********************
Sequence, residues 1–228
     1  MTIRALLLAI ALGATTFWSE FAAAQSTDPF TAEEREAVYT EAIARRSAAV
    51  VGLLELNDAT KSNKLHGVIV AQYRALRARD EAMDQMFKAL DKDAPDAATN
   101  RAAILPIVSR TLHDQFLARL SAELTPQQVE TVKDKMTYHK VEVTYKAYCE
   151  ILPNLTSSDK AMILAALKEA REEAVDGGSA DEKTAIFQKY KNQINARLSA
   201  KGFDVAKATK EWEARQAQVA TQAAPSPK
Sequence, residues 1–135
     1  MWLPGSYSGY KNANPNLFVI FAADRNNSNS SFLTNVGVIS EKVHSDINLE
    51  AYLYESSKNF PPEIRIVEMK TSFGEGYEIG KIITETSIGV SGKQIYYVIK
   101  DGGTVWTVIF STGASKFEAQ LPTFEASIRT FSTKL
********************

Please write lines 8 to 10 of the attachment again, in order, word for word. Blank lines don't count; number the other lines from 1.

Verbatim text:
     1  MWLPGSYSGY KNANPNLFVI FAADRNNSNS SFLTNVGVIS EKVHSDINLE
    51  AYLYESSKNF PPEIRIVEMK TSFGEGYEIG KIITETSIGV SGKQIYYVIK
   101  DGGTVWTVIF STGASKFEAQ LPTFEASIRT FSTKL